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AU WassenaarWassenaar changes

[OK to repost to crypto lists and Cryptome - dant]

I spoke this afternoon with one of the Australian delegates at the
Wassenaar meeting, an official from the Dept of Foreign Affairs and Trade

Speaking off the record, they confirmed the changes at Wassenaar are pretty
much as we know already:
     - NEW CONTROLS on mass market crypto products (hardware and software);
     - DEREGULATING all weak encryption products using key lengths up to 56
     - EXEMPTING mass market software where the key length is 64 bits or
     - EXTENDING the same mass market exemption to hardware for the first
     - EXCLUDING encryption products that protect intellectual property,
     such as digital watermarking;
     - NO DECISION was made about regulating 'intangible' distribution of
     technology, including Internet downloads.

Apparently in the short term the intangibles issue is being considered in
other fora (including the Nuclear Suppliers Group (NSG) which includes
Australia thanks to Filthy Jabilucre et al).

It is still not clear whether the new restrictions are intended to stop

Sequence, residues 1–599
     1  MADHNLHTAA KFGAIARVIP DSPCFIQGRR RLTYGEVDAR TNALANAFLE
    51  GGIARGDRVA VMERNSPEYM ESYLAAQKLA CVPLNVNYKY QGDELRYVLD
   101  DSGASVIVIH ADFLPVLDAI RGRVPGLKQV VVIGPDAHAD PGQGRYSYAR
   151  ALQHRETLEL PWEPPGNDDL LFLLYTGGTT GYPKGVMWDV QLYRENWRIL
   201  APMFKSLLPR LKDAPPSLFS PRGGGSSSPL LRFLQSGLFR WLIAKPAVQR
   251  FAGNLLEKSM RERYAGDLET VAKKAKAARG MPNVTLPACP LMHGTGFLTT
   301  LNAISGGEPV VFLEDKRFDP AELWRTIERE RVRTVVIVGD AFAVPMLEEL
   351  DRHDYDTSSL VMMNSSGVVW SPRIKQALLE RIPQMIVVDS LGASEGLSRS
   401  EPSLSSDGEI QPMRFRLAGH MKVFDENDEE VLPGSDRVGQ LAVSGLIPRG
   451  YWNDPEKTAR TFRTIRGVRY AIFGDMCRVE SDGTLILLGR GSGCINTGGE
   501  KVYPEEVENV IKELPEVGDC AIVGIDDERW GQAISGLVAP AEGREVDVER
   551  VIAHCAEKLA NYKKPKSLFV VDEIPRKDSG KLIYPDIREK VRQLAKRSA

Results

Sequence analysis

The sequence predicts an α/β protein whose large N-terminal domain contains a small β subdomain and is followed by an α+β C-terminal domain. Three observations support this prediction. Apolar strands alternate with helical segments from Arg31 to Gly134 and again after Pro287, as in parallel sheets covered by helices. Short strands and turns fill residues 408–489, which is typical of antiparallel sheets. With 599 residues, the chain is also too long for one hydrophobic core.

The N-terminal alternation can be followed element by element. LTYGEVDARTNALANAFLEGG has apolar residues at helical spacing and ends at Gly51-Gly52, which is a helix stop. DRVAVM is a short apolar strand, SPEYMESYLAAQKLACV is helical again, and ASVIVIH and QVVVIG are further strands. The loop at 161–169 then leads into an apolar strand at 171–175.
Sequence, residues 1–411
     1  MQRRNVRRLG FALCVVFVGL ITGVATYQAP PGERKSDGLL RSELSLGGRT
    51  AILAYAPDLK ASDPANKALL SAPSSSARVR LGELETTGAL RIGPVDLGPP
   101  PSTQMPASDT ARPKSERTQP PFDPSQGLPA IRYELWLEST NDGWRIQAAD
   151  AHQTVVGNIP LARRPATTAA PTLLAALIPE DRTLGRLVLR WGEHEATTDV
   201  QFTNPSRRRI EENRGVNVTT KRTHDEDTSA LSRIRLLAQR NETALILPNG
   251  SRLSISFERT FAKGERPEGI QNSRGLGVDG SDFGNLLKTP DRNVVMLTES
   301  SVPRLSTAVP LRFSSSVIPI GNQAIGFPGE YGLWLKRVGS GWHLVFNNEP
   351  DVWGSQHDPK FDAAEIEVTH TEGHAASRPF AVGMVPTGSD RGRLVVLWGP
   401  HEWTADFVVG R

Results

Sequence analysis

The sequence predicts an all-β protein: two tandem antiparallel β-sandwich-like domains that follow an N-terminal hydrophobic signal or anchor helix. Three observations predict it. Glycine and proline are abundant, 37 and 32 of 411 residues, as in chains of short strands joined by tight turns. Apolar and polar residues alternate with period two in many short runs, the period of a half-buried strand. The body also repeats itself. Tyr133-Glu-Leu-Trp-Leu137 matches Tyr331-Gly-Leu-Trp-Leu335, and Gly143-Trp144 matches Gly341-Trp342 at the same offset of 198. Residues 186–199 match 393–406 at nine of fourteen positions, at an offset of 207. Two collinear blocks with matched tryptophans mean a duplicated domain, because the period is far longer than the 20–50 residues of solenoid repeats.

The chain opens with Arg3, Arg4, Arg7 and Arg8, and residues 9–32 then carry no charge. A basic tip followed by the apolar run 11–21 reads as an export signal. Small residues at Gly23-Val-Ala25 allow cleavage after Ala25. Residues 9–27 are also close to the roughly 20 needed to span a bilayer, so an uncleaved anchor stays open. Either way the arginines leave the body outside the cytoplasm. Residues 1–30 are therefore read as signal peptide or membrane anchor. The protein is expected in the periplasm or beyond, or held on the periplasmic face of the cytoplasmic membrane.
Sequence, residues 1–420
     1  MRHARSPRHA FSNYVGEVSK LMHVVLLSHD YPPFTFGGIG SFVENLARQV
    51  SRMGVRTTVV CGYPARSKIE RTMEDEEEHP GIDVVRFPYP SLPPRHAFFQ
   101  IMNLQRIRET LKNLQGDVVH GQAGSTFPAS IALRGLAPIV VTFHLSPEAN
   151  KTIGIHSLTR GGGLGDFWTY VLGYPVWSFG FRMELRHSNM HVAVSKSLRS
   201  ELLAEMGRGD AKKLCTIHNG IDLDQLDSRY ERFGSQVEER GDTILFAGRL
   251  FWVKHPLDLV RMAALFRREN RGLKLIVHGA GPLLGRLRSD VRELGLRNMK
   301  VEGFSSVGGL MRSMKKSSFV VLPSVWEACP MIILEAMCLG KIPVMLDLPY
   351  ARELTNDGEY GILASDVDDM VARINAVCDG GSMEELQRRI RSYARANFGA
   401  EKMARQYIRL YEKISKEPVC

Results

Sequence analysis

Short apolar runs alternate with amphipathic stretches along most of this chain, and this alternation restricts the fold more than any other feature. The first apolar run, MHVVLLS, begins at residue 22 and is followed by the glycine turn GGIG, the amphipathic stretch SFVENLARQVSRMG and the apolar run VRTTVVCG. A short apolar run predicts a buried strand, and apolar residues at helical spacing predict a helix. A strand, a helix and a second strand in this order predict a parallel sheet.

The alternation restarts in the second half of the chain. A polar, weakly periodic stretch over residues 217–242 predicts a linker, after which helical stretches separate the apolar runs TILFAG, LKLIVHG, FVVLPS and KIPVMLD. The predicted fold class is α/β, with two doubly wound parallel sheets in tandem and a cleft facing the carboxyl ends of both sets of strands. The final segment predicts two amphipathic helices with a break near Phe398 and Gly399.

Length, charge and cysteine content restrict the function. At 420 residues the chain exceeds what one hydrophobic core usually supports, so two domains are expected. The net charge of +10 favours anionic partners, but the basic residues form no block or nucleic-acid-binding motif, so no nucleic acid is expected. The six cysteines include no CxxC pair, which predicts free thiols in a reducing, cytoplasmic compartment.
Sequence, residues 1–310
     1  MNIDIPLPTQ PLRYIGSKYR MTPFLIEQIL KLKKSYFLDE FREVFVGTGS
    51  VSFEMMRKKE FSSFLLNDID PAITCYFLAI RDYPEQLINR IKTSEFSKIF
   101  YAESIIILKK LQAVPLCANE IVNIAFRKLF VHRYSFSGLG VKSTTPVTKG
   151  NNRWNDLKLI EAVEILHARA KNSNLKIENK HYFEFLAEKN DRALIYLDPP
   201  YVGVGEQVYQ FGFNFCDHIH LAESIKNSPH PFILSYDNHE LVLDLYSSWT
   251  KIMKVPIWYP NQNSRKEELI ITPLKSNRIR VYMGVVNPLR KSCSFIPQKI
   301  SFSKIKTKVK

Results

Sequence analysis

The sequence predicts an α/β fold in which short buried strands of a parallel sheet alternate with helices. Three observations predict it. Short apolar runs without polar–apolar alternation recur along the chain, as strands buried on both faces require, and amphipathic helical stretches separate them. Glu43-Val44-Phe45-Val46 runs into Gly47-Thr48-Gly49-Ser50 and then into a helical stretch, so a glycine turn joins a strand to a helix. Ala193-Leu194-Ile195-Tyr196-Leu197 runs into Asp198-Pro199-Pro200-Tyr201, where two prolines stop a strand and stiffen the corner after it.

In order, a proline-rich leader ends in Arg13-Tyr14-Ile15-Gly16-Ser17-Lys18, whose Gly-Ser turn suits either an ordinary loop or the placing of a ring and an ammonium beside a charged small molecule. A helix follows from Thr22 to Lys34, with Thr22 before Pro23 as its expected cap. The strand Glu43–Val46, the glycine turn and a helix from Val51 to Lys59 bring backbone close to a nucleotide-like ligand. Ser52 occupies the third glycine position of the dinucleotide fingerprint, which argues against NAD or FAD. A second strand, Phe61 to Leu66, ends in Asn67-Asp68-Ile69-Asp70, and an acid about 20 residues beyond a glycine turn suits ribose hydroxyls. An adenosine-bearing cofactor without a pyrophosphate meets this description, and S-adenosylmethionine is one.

public domain software such as PGP*. The DFAT contact said there was no
discussion about an intention to stop public domain packages like PGP. They
did not think public domain was being restricted. Yet apparently the
Australian DoD has expressed the David Aaron view that public domain is
subject to the same restrictions as mass market.

* PGP is "in the public domain" for the purposes of Wassenaar/DSGL, since
the definition states:
     "in the public domain" (GTN NTN GSN), as it applies herein, means
     "technology" or "software" which has been made available without
     restrictions upon its further dissemination (copyright restrictions do
     not remove "technology" or "software" from being "in the public

Note: there is no equivalent definition for "mass market", but the General
Software Note (GSN) states it thus:
     Generally available to the public by being:
        1. Sold from stock at retail selling points, without restriction,
        by means of:
          a. Over-the-counter transactions;
          b. Mail order transactions; or
          c. Telephone order transactions; and
        2. Designed for installation by the user without substantial
        support by the supplier;

Dan Tebbutt, Technology Journalist, Melbourne Australia
Australian Personal Computer (http://www.apcmag.com)
LAN Corporate IT (http://www.lanlive.com)
The Australian (http://www.newsit.com.au)
Ph: +61-3-9347-8893 Fax:+61-2-9264-6320
Email: [email protected]
"The revolution will be televised ... on pay-per-view."